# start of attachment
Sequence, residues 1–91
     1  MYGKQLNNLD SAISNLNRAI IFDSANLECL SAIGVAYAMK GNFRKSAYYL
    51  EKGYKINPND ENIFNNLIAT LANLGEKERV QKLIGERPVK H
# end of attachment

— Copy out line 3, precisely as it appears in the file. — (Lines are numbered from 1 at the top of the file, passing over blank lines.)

    51  EKGYKINPND ENIFNNLIAT LANLGEKERV QKLIGERPVK H